In February of this year, my partner and I took our first ever trip to Thailand. In fact, it was the first time either of us had been to Asia. We had a great time, made a lot of memories, picked up a little Thai, and learned a lot about their history and culture. Oh, and their cuisine, of course! We really tried our hardest to stay as far away from the tourist areas as reasonably prudent, and engage ourselves with the locals. Much to my delight, I learned that Thai folks seem to have an appreciation for stationery shops, and I made it a point to wander as many of the dusty, cramped, mom & pop pencil and notebook stores as I could. That’s where I found, for the low low price of 35 baht, a dozen sharp-looking, dipped-end, 2B Elephant Blacklead pencils (with a free eraser, even).
Elephant Blacklead Pencils are made by DHA Siamwalla Ltd. of Bangkok. DHAS has been in business for over 100 years, and is a manufacturer of many of the office supply products found in Thailand, as well as a distributor of many international brands there. Although the Elephant Blacklead Pencils are made by a Thai company, for Thai distribution, they are actually made in China and come in both 2B and HB form. They also, apparently, come either eraser-capped or dipped. I happened to pick up a pack of dipped 2B pencils. And now, after hoarding them for months, I’m finally ready to sharpen them up and write up a review!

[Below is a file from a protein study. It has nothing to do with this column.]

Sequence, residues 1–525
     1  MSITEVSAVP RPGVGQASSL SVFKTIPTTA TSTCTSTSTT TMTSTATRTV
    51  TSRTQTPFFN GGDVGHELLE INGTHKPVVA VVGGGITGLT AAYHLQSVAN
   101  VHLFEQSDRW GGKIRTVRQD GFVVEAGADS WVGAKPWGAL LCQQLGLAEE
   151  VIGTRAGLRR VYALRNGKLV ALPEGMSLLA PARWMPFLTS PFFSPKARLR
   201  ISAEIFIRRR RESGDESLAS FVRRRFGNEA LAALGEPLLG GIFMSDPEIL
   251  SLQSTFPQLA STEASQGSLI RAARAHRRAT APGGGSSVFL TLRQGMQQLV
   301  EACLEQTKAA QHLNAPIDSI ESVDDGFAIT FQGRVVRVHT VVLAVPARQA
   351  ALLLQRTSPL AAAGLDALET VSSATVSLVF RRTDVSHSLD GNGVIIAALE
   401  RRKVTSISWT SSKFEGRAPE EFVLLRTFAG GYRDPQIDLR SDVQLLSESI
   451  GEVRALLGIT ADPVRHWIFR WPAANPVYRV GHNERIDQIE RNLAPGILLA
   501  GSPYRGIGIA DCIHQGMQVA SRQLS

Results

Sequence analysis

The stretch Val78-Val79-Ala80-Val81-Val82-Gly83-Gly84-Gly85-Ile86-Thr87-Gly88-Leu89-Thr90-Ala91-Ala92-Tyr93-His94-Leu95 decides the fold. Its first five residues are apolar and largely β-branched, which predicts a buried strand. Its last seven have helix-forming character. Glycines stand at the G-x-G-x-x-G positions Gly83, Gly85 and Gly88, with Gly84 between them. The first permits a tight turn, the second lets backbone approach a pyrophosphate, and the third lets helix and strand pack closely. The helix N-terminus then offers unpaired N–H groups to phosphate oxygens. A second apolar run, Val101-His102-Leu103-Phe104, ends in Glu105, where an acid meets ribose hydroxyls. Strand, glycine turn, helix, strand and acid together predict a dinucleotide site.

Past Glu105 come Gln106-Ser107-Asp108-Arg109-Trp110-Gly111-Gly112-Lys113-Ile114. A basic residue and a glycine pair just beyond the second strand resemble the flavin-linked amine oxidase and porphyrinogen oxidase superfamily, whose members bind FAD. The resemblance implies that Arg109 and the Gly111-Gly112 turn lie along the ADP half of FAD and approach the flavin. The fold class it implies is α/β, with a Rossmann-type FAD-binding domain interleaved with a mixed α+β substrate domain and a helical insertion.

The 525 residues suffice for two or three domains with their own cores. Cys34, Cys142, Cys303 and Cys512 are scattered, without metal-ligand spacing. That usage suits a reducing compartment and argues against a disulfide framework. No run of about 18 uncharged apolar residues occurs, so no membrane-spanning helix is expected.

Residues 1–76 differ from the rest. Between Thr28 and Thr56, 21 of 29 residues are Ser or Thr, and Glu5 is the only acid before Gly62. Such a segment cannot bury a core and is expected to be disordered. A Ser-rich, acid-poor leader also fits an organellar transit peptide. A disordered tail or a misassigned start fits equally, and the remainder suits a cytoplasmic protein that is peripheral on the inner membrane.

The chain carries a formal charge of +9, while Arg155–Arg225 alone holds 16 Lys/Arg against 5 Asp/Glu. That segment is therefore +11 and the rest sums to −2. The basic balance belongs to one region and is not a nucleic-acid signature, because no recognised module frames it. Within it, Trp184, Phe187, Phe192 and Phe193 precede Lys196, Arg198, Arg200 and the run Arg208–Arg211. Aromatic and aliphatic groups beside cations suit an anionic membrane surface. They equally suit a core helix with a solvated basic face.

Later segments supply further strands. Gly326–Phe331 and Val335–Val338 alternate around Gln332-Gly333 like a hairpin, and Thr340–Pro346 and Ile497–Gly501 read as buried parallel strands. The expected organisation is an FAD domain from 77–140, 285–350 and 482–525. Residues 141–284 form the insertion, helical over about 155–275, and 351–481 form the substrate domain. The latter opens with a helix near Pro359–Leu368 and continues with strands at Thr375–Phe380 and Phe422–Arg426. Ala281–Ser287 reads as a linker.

The Elephant Blacklead 2B pencil is probably one of the most eye-catching pencils I’ve encountered. The orange and black color scheme seems a little odd and Halloweenish at first, but it’s really grown on me. It’s certainly unique. The matte black lacquer with the orange pinstripes and dipped end are distinctive and sharp. The orange lacquer is a little thin, and the black bleeds through in areas, but it’s not a big deal. The end dip is very clean and nice. I really appreciate the lack of junk cluttering up the barrel: it says only “Elephant” and “2B” in simple, white screen printing. These are one of the most attractive pencils I’ve purchased so far.
The pencils are fairly hard to roll, but that is mostly due to how severe the hex shape is. In fact, the Elephant pencil is quite straight. On the flip side, the core centering is not especially great. It’s not super bad, either, but at least one of them seemed to be on the cusp of potentially causing problems. Fortunately it didn’t.
Predictably, the Elephant Blacklead pencil casing seems to be made of basswood, or a basswood-like species. Whatever it is, a good hand sharpener makes quick work of the wood, shaving it away into a single beautiful ribbon. A helical sharpener also polishes the tips off nicely. The finished product has a nice, light, solid feel in the hand.
Sadly, one pencil right out of the box was missing a pretty significant amount of core! I had to sharpen it about half an inch down just to get a tip. So that didn’t bode well as far as tip strength and bonding goes. However, having burned through an entire pencil (and then some), I have not experienced any other problems since then, so I’m willing to blame that breakage on the baggage handlers between Bangkok and Anchorage.
I could tell immediately upon putting the paper to the page that this was exactly my type of pencil.
The Elephant 2B is dark. Darker than its 2B grade implies. I didn’t even bother comparing it to HB grade pencils because it doesn’t take a keen eye to see that this is a bold writer. I think it sits right up there with the Blackwing; and I mean the Blackwing, full stop…not the Pearl, not the 602, just the plain ol’ super soft Blackwing. And like the Blackwing, this is one of the smoothest pencils around. It glides right over the page like silk and sounds nearly silent.